Psalm 51:3
For I acknowledge my transgressions: and my sin is ever before me.
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(3) For I.—There is an emphatic pronoun in the first clause which we may preserve, at the same time noticing the difference between the violation of the covenant generally in the term transgressions in the first clause, and the offence which made the breach in the second. (See Note Psalm 51:1.) Because I am one who is conscious of my transgressions, and (or, possibly, even) my offence is ever before me.

The thought that he had been unfaithful to the covenant was an accusing conscience to him, keeping his sin always before his eyes, and until, according to his prayer in Psalm 51:1-2, he was received back into conscious relationship again, his offence must weigh upon his mind. This explanation holds, whether an individual or the community speaks.

Psalm 51:3. For I acknowledge my transgressions — With grief, and shame, and abhorrence of myself and of my sins, which hitherto I have dissembled and covered. And, being thus truly penitent, I hope and beg that I may find mercy with thee. This David had formerly found to be the only way of obtaining forgiveness and peace of conscience, Psalm 32:4-5, and he now hoped to find the same blessings in the same way. And my sin is ever before me — That sin, which I had cast behind my back, is now constantly in my view, to humble and mortify, and make me continually to blush and tremble. We see here David’s contrition for his sin was not a slight, sudden passion, but all abiding grief. He was put in mind of his crimes on all occasions; they were continually in his thoughts: and he was willing they should be so for his further abasement. Let us learn from hence, that our acts of repentance, for the same sin, ought to be often repeated, and that it is very expedient, and will be of great use for us, to have our sins ever before us, that by the remembrance of those that are past, we may be armed against temptations for the future, and may be kept humble, quickened to duty, and made patient under the cross.51:1-6 David, being convinced of his sin, poured out his soul to God in prayer for mercy and grace. Whither should backsliding children return, but to the Lord their God, who alone can heal them? he drew up, by Divine teaching, an account of the workings of his heart toward God. Those that truly repent of their sins, will not be ashamed to own their repentance. Also, he instructs others what to do, and what to say. David had not only done much, but suffered much in the cause of God; yet he flees to God's infinite mercy, and depends upon that alone for pardon and peace. He begs the pardon of sin. The blood of Christ, sprinkled upon the conscience, blots out the transgression, and, having reconciled us to God, reconciles us to ourselves. The believer longs to have the whole debt of his sins blotted out, and every stain cleansed; he would be thoroughly washed from all his sins; but the hypocrite always has some secret reserve, and would have some favorite lust spared. David had such a deep sense of his sin, that he was continually thinking of it, with sorrow and shame. His sin was committed against God, whose truth we deny by wilful sin; with him we deal deceitfully. And the truly penitent will ever trace back the streams of actual sin to the fountain of original depravity. He confesses his original corruption. This is that foolishness which is bound in the heart of a child, that proneness to evil, and that backwardness to good, which is the burden of the regenerate, and the ruin of the unregenerate. He is encouraged, in his repentance, to hope that God would graciously accept him. Thou desirest truth in the inward part; to this God looks, in a returning sinner. Where there is truth, God will give wisdom. Those who sincerely endeavour to do their duty shall be taught their duty; but they will expect good only from Divine grace overcoming their corrupt nature.For I acknowledge my transgressions - literally, I know, or make known. That is, he knew that he was a sinner, and he did not seek to cloak or conceal that fact. He came with the knowledge of it himself; he was willing to make acknowledgment of it before God. There was no attempt to conceal it; to excuse it. Compare the notes at Psalm 32:5. The word ""for"" does not imply that he referred to his willingness to confess his sins as an act of merit, but it indicates a state of mind which was necessary to forgiveness, and without which he could not hope for pardon.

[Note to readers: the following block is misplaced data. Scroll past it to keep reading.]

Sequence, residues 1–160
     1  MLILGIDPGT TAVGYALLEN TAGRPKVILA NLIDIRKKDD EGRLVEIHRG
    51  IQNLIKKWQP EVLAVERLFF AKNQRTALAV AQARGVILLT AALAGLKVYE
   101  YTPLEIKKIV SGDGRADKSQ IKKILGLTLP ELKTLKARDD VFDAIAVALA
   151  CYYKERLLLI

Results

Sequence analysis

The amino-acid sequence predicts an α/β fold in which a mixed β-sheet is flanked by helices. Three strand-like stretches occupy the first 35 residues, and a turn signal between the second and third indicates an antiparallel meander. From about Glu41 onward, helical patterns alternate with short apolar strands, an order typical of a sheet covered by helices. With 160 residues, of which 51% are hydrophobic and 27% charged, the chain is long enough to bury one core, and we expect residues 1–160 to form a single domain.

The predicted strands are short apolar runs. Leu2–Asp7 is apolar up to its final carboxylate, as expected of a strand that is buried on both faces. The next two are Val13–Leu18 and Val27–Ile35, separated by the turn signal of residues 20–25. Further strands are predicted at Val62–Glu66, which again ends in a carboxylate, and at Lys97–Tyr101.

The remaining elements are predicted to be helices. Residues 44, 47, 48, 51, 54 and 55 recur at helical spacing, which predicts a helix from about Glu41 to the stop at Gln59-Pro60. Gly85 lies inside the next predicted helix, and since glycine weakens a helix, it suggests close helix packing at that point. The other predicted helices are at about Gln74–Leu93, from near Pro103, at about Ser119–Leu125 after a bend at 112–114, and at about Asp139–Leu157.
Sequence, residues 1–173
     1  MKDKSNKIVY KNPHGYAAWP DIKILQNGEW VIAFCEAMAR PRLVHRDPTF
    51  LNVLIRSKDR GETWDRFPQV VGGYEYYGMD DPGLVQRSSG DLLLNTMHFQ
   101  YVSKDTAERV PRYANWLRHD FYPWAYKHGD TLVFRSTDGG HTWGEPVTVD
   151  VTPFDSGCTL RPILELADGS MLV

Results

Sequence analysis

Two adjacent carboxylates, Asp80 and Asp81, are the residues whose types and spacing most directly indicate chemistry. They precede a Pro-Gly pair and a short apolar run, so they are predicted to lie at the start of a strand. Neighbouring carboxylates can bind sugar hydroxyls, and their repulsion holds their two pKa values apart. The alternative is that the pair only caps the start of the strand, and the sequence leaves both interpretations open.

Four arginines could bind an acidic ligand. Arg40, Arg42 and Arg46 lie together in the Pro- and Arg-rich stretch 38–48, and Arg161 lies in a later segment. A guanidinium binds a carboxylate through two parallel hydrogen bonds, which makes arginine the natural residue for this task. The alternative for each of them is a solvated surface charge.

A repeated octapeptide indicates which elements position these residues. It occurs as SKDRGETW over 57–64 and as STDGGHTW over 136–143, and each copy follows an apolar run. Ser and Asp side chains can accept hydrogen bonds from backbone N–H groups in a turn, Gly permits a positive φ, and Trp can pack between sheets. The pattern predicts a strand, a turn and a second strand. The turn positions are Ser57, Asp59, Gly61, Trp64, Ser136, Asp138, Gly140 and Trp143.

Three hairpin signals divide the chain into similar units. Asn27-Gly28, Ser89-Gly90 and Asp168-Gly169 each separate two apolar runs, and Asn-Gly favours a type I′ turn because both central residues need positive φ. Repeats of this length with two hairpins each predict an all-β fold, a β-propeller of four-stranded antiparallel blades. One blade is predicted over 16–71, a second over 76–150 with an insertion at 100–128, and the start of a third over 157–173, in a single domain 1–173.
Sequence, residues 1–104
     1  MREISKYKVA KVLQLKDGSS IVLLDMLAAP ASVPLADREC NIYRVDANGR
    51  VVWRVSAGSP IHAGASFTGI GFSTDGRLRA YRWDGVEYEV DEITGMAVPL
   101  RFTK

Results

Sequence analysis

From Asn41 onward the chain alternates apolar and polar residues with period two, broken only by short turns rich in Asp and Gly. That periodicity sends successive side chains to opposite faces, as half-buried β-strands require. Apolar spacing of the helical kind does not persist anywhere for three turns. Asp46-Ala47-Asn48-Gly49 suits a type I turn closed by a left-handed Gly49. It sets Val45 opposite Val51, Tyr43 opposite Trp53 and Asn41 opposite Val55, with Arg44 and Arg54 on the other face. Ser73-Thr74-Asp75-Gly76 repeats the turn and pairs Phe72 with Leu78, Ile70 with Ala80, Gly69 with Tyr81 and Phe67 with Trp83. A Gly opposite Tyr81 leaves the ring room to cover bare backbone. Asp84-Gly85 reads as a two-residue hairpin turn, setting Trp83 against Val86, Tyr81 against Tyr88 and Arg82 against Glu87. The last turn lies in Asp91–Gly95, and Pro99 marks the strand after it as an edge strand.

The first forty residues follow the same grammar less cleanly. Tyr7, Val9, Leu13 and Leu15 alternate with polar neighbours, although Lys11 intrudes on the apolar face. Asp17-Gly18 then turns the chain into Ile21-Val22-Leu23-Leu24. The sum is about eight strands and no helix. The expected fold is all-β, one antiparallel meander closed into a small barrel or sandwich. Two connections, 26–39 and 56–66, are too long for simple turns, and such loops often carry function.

And my sin is ever before me - That is, It is now constantly before my mind. It had not been so until Nathan brought it vividly to his recollection (2 Samuel 12:1 ff); but after that it was continually in his view. He could not turn his mind from it. The memory of his guilt followed him; it pressed upon him; it haunted him. It was no wonder that this was so. The only ground of wonder in the case is that it did not occur "before" Nathan made that solemn appeal to him, or that he could have been for a moment insensible to the greatness of his crime. The whole transaction, however, shows that people "may" be guilty of enormous sins, and have for a long time no sense of their criminality; but that "when" the consciousness of guilt is made to come home to the soul, nothing will calm it down. Everything reminds the soul of it; and nothing will drive away its recollection. In such a state the sinner has no refuge - no hope of permanent peace - but in the mercy of God.

3. For … before me—Conviction precedes forgiveness; and, as a gift of God, is a plea for it (2Sa 12:13; Ps 32:5; 1Jo 1:9). I acknowledge, with grief and shame, and abhorrency of myself and of my sins; which hitherto I have dissembled and covered. And being thus truly penitent, I hope and beg that I may find mercy with thee.